First, he wants antitrust authorities to imagine the worst and take preemptive action designed to stop “dystopian” scenarios. Doing so would require antitrust regulators to take preemptive action against companies even when there is no evidence of anticompetitive conduct. The problem with embracing the precautionary principle, which says that policymakers should consider new technologies risky until proven otherwise, is it may be possible to mitigate some risks, but this prevention comes at the expense of economic growth, social progress, and competitive advantage in AI. In other words, regulators may prevent the worst, but they also prevent the best—they are throwing the baby out with the bathwater. A better approach is to embrace the innovation principle, which holds that the vast majority of innovations are beneficial for society and pose little risks, so policymakers should wait to craft targeted solutions for specific problems if they occur.

Second, Chakravorti wants policymakers to use tax policy to push corporate investments away from what he terms “value-destroying” AI and towards “value-enhancing” AI, such as by changing tax policies that incentivize “excessive automation” that replaces labor. Unfortunately, his premise is inherently flawed—AI is simply a tool, like many other technologies, and there is no way to separate out good or bad AI. Moreover, AI that enhances productivity, even if it might reduce jobs in certain occupations, is still beneficial AI as it leads to economic growth and increased competitiveness.

Third, he wants antitrust regulators to “scrutinize acquisitions of AI startups by the major tech companies more closely.” Chakravorti offers no details on what exactly closer scrutinization would entail, but presumably it would involve denying more mergers and acquisitions of AI startups. Yet doing so would have a negative impact on the U.S. AI startup ecosystem as finding a buyer is one of the main exit strategies for startups, and if this option is less viable, investors may be unwilling to fund U.S. firms.

Fourth, Chakravorti wants policymakers to “establish a ‘creative commons’ for AI R&D” including by having antitrust authorities “mandate open IP” for AI patents. But again, this is a poor reading of the facts on the ground. The World Intellectual Property Organization reports that of the top 500 AI patent applicants globally, 167 are universities and public research organizations, meaning a significant amount of AI R&D occurs outside of businesses. Moreover, the AI community already has deep roots in supporting open innovation, with the two most popular machine learning libraries, Tensorflow (created by Google) and PyTorch (created by Facebook), available as open source.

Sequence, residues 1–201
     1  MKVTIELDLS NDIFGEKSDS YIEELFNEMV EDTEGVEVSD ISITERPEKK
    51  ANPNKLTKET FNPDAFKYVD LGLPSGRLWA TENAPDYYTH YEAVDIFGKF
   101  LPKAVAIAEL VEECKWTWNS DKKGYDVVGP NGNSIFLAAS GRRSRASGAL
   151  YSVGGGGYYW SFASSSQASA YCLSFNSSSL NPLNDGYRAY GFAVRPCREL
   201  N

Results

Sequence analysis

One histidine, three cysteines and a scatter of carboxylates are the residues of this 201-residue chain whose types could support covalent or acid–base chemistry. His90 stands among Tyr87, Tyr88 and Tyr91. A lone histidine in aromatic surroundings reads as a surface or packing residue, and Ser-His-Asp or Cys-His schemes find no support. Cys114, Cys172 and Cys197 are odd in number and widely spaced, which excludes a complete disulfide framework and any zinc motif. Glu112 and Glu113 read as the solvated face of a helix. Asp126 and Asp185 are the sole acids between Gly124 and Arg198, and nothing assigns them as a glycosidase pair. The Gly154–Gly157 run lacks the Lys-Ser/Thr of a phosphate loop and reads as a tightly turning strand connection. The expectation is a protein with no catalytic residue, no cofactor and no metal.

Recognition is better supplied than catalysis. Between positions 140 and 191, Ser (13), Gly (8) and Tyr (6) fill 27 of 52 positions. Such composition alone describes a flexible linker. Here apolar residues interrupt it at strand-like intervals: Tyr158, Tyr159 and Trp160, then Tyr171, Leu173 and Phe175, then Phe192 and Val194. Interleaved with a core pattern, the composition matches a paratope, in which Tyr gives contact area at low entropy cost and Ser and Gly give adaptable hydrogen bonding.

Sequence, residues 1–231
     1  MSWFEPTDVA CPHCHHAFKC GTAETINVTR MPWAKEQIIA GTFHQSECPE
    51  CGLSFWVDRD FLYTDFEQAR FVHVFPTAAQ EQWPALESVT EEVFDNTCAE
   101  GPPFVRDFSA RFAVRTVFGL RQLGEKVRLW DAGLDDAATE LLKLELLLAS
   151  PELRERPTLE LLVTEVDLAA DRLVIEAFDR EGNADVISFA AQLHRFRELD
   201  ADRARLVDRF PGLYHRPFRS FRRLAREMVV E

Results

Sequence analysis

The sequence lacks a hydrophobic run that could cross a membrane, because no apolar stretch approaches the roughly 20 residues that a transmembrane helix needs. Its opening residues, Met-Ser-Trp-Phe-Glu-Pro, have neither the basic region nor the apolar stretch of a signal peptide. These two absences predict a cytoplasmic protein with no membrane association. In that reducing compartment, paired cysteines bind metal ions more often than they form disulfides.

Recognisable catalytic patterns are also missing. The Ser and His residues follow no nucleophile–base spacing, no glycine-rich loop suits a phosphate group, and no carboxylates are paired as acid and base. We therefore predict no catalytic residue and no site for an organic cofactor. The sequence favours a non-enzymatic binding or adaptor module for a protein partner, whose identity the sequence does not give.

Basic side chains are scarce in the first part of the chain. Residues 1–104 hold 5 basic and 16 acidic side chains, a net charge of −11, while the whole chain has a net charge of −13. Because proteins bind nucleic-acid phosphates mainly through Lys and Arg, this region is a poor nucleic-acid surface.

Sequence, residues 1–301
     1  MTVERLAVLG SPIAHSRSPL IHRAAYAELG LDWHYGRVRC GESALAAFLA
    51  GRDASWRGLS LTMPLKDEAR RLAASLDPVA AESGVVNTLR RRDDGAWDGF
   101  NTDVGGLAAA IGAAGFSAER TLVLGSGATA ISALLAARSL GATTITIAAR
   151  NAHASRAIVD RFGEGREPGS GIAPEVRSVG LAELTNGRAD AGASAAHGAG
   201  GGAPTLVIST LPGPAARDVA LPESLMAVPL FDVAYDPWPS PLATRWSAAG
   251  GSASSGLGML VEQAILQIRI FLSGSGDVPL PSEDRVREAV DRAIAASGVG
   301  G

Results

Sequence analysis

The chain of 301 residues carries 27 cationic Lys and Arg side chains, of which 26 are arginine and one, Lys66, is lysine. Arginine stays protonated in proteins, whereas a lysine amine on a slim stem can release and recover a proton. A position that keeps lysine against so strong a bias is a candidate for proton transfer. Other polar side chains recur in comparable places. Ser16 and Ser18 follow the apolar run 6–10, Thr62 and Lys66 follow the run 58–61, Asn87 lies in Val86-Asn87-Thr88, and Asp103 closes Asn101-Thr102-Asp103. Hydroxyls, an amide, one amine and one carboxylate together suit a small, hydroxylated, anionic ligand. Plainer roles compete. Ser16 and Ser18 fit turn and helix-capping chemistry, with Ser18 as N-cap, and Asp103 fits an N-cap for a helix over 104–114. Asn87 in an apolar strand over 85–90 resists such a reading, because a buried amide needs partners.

Having antitrust regulators force companies to share patents has backfired in the past on U.S. competitiveness. In the 1950s, the Justice Department forced RCA to license its patents, leading to the rise of Japanese color TVs, and in the 1970s, the Federal Trade Commission forced Xerox to share its patents with its competitors, causing it to eventually lose market share to competitors like Canon and Toshiba. Forcing U.S. companies to share their AI patents with competitors will only make it easier for Chinese competitors to take over the industry.

The hipster antitrust movement has always posed a threat to American AI innovation because many of the targets of its fury are large tech companies and these companies tend to use AI. But this latest attack shows that some want to specifically go after “Big AI” even if there is no “Big AI” for regulators to break up.

Image credit: Jackson Simmer/Unsplash